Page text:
The Music Workshop Company Blog 

Each month the Music Workshop Company publishes two blogs. One blog, written by the MWC team addresses a key issue in Music Education or gives information about a particular genre or period of music. The other blog is written by a guest writer, highlighting good practice or key events in Music Education. We hope you enjoy reading the blogs. 
 
To contribute as a guest writer please email Maria@music-workshop.co.uk 

Posts tagged “SINGING”

At a time when more families are engaged in home learning, the MWC team wanted to share online resources that might be useful over the coming months. 
21st September is World Peace Day, or the International Day of Peace. It was established in 1981 by the United Nations General Assembly, and, in 2001, the General Assembly designated the Day as a period of non-violence and cease-fire. 
 
This year’s Peace Day celebrates the 70th anniversary of the Universal Declaration of Human Rights and the theme is The Right to Peace. 
 
 
Image: Paper Cranes, Children’s Peace Memorial, Hiroshima 
While planning a recent singing workshop, MWC’s Artistic Director, Maria, had cause to reflect on the names and lyrics of songs, how the meaning of some words has changed, becoming sensitive, controversial or unacceptable, and how some aspects of music might impact workshop participants. 
The feast of Saint David, patron saint of Wales, falls on March 1st, the date of his death in 589 AD. Saint David’s Day has been regularly celebrated since his canonisation in the 12th century. To celebrate, we are exploring the music of Wales.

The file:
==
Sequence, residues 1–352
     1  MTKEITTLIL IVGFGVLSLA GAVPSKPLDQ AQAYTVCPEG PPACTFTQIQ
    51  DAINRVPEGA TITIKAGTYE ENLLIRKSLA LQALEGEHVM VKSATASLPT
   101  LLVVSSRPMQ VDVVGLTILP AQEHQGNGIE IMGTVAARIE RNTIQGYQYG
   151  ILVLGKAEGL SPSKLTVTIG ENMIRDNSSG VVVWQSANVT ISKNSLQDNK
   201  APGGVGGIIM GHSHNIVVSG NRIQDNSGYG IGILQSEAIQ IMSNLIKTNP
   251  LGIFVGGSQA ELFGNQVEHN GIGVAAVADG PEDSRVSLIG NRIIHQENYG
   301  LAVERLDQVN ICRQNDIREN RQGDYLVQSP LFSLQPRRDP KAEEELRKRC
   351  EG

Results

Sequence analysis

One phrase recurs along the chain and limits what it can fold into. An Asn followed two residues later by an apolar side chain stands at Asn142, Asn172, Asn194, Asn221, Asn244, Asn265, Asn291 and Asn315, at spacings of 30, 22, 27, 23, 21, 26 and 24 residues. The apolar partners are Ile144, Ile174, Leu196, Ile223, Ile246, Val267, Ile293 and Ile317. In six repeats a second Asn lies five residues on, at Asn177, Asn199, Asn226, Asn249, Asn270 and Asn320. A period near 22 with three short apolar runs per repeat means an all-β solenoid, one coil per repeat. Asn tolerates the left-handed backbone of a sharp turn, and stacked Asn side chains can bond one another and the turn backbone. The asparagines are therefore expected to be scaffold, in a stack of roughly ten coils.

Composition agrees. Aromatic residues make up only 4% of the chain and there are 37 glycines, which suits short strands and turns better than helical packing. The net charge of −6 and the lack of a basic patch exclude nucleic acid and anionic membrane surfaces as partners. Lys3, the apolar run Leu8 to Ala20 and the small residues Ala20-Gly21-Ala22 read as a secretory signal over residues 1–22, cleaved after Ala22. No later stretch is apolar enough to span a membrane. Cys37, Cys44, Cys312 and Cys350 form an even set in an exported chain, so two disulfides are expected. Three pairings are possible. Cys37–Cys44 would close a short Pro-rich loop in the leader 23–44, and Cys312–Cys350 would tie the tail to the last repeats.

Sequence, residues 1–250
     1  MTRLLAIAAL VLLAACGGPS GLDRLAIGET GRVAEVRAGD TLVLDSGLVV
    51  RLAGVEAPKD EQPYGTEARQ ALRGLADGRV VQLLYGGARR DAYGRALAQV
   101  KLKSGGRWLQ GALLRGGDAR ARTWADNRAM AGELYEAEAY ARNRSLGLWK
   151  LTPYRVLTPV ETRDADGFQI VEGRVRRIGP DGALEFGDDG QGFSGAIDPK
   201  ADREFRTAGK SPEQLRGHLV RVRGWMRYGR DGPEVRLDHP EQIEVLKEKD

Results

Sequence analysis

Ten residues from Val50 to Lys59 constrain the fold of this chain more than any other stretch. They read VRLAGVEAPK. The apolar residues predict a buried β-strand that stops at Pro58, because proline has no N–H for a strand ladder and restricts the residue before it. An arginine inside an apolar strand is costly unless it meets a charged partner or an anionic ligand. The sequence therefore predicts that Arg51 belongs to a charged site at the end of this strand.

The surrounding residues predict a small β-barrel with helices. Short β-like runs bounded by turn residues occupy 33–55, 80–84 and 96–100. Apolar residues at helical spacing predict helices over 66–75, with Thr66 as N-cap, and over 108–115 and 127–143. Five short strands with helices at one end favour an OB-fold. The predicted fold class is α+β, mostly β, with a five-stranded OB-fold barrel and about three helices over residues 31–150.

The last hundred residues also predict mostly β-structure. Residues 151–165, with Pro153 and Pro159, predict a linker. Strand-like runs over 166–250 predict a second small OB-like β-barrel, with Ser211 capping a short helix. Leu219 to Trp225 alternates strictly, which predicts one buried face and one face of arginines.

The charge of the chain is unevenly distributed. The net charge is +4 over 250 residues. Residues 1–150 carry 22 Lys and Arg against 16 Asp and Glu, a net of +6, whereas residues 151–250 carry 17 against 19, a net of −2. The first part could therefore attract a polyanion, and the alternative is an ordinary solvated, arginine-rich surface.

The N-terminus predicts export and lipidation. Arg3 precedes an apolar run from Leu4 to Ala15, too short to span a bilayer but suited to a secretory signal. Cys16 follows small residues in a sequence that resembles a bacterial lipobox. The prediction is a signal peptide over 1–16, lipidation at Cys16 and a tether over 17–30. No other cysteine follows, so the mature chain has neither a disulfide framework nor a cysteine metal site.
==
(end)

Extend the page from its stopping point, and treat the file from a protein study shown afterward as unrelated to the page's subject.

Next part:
Wales holds a special place in our hearts here at the Music Workshop Company; firstly because it’s the home nation of founder and Artistic Director, Maria, and secondly because of its apt and joyful reputation as “Land of Song”. 
Nursery rhymes are traditional poems sung to small children. They often contain historical references and fantastical characters, and many have been rumoured to have hidden meanings. 
 
The earliest nursery rhymes documented include a 13th century French poem numbering the days of the month. From the mid 16th century children’s songs can be found recorded in English plays. Pat-a-cake, pat-a-cake, baker’s man is one of the oldest surviving English nursery rhymes, first appearing in The Campaigners, a play written in 1698 by Thomas d’Urfey (1653 -1723). Interestingly, D’Urfey, active as a writer in the days when the term ‘wit’ was held almost as a career epithet, also composed songs and poetry and was instrumental to the evolution of the Ballad opera. 
Irish traditional music has existed for centuries, with songs and dance tunes passed on from generation to generation through the oral tradition. This practice of learning ‘by ear’ is still common today. Despite the number of printed tune and songbooks, students of traditional music generally learn tunes by listening to other musicians. 
 
The traditional music that developed in Ireland first arrived with the Celts. Until the last decade or so, scholars dated the ‘arrival’ of Celtic culture in Britain and Ireland to the 6th century BC. However, recent research has given rise to the idea that Celtic culture emerged in Britain and Ireland much earlier – in the Bronze Age – suggesting its spread was the result not of invasion, as previously thought, but of a gradual migration enabled by an extensive network of contacts that existed between the peoples of Britain and Ireland and those of the Atlantic seaboard. 
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